The outlook for people living with dilated or restrictive cardiomyopathy varies widely. Some people live healthy, long lives free of symptoms, unaware that they even have the disease. For most people, symptoms of heart failure gradually progress over time; in a minority of individuals, the symptoms start suddenly and the disease progresses rapidly. No matter the scenario, your health needs to be monitored closely in order to make decisions about treatment options.
Overall, about two thirds of people with newly diagnosed heart failure die within five years. However, there is considerable individual variation depending on severity of symptoms and how effectively the symptoms can be treated. For people with minor symptoms that appear only with extreme exertion, fewer than 5 percent die in the first year. But for those who experience debilitating symptoms while at rest, more than 50 percent may die in six to 12 months. This latter group should be considered for other therapies such as heart transplant and LVAD.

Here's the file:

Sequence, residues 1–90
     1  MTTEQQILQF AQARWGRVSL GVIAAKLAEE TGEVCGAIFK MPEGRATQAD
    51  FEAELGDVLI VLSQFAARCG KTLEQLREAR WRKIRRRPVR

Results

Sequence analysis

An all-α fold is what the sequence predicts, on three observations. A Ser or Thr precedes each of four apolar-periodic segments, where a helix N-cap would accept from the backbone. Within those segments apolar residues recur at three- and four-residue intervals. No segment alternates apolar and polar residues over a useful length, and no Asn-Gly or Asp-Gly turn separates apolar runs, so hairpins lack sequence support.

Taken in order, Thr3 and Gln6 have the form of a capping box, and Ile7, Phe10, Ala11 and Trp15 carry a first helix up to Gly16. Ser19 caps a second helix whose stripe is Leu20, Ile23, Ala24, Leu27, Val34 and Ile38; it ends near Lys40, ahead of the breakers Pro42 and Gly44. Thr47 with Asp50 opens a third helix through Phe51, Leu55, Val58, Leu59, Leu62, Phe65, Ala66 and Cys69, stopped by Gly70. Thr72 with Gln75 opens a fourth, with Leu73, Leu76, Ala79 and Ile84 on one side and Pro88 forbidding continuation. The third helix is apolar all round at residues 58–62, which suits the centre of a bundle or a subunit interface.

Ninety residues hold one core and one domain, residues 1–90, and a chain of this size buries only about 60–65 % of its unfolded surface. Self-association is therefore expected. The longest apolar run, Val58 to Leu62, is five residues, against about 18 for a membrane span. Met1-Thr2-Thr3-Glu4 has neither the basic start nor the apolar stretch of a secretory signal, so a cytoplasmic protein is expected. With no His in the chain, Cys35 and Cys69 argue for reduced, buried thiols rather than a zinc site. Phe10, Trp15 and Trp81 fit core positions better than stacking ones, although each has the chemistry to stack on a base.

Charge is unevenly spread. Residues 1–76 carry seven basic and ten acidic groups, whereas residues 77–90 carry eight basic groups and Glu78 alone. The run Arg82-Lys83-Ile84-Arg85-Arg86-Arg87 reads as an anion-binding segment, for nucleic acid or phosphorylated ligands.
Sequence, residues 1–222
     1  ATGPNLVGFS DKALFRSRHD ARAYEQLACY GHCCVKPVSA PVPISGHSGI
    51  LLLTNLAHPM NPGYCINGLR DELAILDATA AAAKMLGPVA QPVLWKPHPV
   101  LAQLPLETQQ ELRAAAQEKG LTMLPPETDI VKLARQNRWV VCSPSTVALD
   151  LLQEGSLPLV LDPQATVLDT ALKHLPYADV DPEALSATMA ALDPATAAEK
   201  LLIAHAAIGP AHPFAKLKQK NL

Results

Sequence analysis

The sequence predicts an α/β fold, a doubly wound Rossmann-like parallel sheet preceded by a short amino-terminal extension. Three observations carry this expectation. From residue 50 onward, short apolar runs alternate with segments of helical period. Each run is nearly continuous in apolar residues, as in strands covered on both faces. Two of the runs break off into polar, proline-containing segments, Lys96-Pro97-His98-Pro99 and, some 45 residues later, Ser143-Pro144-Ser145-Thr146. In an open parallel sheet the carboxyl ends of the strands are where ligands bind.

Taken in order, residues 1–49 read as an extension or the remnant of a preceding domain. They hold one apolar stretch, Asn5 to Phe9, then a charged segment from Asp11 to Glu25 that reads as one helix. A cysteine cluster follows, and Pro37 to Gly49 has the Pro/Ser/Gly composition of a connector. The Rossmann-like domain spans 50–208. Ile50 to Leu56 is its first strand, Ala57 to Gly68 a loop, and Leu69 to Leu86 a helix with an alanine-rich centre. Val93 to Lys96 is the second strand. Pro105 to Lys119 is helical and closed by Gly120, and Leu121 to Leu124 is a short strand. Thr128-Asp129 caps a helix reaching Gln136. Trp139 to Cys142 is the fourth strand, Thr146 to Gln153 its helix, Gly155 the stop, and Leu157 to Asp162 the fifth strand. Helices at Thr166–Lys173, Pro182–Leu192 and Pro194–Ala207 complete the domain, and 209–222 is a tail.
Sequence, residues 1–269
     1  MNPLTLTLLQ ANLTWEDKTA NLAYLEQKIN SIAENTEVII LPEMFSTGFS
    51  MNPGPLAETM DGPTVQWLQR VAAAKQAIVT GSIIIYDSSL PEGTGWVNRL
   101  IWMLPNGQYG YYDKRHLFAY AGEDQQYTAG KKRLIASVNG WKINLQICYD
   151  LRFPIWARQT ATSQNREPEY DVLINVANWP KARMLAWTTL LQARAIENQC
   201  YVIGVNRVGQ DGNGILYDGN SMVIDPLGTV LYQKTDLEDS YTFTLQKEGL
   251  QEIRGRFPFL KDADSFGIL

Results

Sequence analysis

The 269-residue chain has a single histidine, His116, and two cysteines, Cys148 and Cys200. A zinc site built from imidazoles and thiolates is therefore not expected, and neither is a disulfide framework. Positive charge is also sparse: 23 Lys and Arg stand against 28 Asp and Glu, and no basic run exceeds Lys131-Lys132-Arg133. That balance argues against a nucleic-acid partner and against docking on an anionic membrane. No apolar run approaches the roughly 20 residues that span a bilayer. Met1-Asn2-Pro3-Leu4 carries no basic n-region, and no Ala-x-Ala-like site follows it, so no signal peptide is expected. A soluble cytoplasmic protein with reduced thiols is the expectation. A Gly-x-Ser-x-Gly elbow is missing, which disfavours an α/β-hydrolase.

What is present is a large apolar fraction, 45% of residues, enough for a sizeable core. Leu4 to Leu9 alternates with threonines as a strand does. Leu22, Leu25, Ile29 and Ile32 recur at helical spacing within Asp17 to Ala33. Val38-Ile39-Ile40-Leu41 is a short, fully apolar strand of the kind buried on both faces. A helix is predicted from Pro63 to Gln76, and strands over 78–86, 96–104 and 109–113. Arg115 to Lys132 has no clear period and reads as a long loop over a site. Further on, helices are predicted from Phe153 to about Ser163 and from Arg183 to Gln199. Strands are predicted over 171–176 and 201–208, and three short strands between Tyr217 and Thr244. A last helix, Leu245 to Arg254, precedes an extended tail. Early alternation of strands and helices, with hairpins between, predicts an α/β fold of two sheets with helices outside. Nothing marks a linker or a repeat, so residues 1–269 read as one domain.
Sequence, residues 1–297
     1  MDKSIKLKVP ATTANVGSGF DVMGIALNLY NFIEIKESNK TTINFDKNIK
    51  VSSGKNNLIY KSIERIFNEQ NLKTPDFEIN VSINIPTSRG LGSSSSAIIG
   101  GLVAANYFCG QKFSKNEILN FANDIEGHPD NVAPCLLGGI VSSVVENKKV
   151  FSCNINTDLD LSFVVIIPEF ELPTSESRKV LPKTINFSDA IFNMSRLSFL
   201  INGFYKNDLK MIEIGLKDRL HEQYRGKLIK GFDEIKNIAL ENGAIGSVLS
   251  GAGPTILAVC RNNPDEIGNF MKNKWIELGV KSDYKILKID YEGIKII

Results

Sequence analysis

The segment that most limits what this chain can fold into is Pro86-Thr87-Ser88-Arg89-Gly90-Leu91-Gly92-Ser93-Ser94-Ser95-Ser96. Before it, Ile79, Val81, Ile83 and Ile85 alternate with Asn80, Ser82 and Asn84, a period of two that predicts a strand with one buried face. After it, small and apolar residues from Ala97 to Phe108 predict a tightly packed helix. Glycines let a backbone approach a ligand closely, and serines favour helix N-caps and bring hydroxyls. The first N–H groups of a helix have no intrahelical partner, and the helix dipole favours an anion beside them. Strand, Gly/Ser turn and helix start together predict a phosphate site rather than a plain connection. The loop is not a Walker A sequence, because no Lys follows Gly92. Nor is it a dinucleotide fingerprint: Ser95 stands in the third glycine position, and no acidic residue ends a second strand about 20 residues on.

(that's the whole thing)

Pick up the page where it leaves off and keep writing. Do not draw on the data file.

People with dilated or restrictive cardiomyopathy should see their healthcare provider regularly; your physician will decide how often based on your condition.
In addition, seek out medical attention if you experience:
Healthy lifestyle choices are fundamental to minimizing the symptoms of heart failure associated with dilated and restrictive cardiomyopathy. These include:
Last reviewed on 12/31/2008
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